The GOP had a great opportunity to change that narrative last year. Rep. Paul Ryan offered a reform of the Medicare system with careful, rational arguments based on subsidiarity, voluntary associations, and a balance to ensure that the needy would not be left on their own. Fiscal conservatives didn’t like the longer trajectory of deficit reduction, preferring Rand Paul’s approach of simply cutting off funding for most of these programs across the board, embracing Ryan belatedly when Romney added him to the ticket. Romney then held Ryan back from evangelizing on those policies, which wasted an opportunity to argue for the broader Christian vote.

I wrote about this extensively after the last election, but there hasn’t been much movement in that direction. When the Republican Party crafts its policies to fit the entire Christian mission, young Christians will rush to help put those plans into action — but that won’t happen while the GOP messages on the 47%ers. Hopefully, Paul Ryan will put more effort to regain his leadership role in crafting that approach.


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Comment pages: 1 2

In their defense, the GOP fully supports the group’s gay marriages.

rogerb on October 8, 2013 at 12:45 PM

Young? Might want to expand your search a bit wider.

reddevil on October 8, 2013 at 12:45 PM

Then it is time for the young Christians on the Right to hike up the skirt, Sally, and learn how to play dirty.

I fully realize our Lord advised to turn the other cheek. But He died up on the Cross so that we would not have to. That which allowed Him to save our mortal souls is also that which causes him to be a poor political example…

JohnGalt23 on October 8, 2013 at 12:46 PM

Well since young people don’t vote (Christian or not) — “what difference does it make”?

SunSword on October 8, 2013 at 12:47 PM

What would Jesus do for $500.00 Alex.

Bmore on October 8, 2013 at 12:47 PM

There is no conflict. All Republicans have to do is do what they were elected to do: small government, fair taxation/debt REDUCTION, and conservative social issues. There, that wasn’t so hard, if you have a spine and strategic leaders.

plaidsheetman on October 8, 2013 at 12:47 PM

Feds: US adults are dumber than the average human

How do they think Obama got elected?

Resist We Much on October 8, 2013 at 12:48 PM

Christians are not called to be “Moderate”.

So, because you are lukewarm, and neither hot nor cold, I will spit you out of my mouth.

Rev. 3:16 (ESV)

kingsjester on October 8, 2013 at 12:49 PM

Scarborugh and Lewis? Give me an effin break, Ed.

Blake on October 8, 2013 at 12:49 PM

Everybody with a spine and half a decent list of principles is being alienated by the GOP.

nobar on October 8, 2013 at 12:49 PM

Recompence

Bmore on October 8, 2013 at 12:51 PM

The GOP is alienating almost everyone in their coalition. Why should “young Christians” be any different?

besser tot als rot on October 8, 2013 at 12:54 PM

Everybody with a spine and half a decent list of principles is being alienated by the GOP.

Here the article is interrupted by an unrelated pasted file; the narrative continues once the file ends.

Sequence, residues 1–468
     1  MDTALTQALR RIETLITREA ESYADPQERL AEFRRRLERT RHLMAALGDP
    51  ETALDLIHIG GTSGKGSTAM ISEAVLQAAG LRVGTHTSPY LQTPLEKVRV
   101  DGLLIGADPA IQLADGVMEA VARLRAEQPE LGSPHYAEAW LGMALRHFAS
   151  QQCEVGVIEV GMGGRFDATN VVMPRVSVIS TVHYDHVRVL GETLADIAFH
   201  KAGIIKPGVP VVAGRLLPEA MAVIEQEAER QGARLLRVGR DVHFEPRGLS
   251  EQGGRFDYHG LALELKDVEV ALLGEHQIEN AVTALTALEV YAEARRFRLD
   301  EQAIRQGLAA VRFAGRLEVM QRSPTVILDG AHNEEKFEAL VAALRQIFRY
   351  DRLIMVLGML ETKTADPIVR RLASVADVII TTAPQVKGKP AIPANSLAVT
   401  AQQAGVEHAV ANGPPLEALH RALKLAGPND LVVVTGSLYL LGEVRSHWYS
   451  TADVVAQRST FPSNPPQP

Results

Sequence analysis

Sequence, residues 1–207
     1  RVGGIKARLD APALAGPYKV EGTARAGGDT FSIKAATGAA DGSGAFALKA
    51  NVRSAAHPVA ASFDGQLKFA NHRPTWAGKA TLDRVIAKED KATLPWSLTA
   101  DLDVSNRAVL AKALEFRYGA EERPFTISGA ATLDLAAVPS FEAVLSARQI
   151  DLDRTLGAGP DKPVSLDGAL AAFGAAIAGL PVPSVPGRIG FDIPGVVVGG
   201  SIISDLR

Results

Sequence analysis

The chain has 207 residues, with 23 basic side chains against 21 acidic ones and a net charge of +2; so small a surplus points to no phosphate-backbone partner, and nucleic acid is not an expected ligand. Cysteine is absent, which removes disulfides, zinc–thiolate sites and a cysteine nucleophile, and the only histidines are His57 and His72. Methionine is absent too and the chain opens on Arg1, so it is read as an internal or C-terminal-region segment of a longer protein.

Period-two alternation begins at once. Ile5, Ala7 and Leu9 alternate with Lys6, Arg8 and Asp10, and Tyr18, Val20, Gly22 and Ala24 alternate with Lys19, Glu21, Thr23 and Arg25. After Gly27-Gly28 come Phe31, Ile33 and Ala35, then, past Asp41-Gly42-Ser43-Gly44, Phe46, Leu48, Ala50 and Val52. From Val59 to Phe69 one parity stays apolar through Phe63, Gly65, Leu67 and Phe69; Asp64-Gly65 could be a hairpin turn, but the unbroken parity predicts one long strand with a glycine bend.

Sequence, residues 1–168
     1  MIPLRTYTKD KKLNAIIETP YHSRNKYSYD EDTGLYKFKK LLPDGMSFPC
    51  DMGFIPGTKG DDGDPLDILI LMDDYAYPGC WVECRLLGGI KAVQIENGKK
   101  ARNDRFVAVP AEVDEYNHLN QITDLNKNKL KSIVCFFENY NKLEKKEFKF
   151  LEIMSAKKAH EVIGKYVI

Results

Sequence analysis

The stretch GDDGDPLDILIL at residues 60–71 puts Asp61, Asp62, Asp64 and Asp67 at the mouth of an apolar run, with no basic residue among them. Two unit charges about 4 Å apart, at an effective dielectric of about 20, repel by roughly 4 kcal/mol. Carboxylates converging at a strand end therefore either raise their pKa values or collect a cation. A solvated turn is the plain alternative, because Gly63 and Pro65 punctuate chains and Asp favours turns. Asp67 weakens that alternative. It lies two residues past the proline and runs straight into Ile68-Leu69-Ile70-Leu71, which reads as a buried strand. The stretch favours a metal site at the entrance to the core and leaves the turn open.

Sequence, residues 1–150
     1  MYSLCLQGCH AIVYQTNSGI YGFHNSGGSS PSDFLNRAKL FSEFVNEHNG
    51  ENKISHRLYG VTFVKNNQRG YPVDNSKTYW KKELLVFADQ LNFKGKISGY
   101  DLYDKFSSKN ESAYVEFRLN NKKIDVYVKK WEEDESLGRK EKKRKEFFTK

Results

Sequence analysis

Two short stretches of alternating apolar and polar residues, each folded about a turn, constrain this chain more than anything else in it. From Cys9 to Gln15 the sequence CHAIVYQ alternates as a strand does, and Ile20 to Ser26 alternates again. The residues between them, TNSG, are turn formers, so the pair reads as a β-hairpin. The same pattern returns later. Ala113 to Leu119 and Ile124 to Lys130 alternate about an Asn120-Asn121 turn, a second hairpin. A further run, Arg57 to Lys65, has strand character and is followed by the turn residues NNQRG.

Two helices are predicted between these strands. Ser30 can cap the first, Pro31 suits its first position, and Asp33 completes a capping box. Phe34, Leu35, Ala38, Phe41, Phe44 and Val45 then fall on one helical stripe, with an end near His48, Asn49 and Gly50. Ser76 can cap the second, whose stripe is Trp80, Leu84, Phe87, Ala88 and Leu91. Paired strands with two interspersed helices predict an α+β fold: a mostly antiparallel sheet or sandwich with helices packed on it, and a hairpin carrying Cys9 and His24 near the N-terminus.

nobar on October 8, 2013 at 12:49 PM

Oh, you mean people don’t like having Mitch McConnell calling them “traitors” for believing in the Constitution?

tetriskid on October 8, 2013 at 12:54 PM

Young? Might want to expand your search a bit wider.

reddevil on October 8, 2013 at 12:45 PM

Yes – I’m a middle aged Christian who’s disenchanted with RINOs.

Christians are not called to be “Moderate”.

So, because you are lukewarm, and neither hot nor cold, I will spit you out of my mouth.

Rev. 3:16 (ESV)

kingsjester on October 8, 2013 at 12:49 PM

Many young Christians get this. Many others don’t.

22044 on October 8, 2013 at 12:54 PM

Like Limited Government Conservatives feel……we have a party (the gop) that TALKS BIG, walks wittle bitty.

The gop leadership just sucks.

PappyD61 on October 8, 2013 at 12:55 PM

When the Republican Party crafts its policies to fit the entire Christian mission, young Christians will rush to help put those plans into action — but that won’t happen while the GOP messages on the 47%ers

Establishment Republicans have no interest in Christians or, more specifically, the social issues that Christians inconveniently drag up amid the faux compassion of amnesty and other agenda items of the “moderates.”

Happy Nomad on October 8, 2013 at 12:55 PM

Oh, you mean people don’t like having Mitch McConnell calling them “traitors” for believing in the Constitution?

tetriskid on October 8, 2013 at 12:54 PM

Or wacko birds by a senile liberal who has long ago sold out to the forces looking to destroy this nation.

Happy Nomad on October 8, 2013 at 12:57 PM

Are these the same young Christians who are for ghey mirage and “Climate Change”?

The problem isn’t the GOP. It’s their educators.

budfox on October 8, 2013 at 12:57 PM

The problem is when the attacks turn bitterly personal, a line that is difficult to discern in the heat of debate over policies and tactics, especially on social media.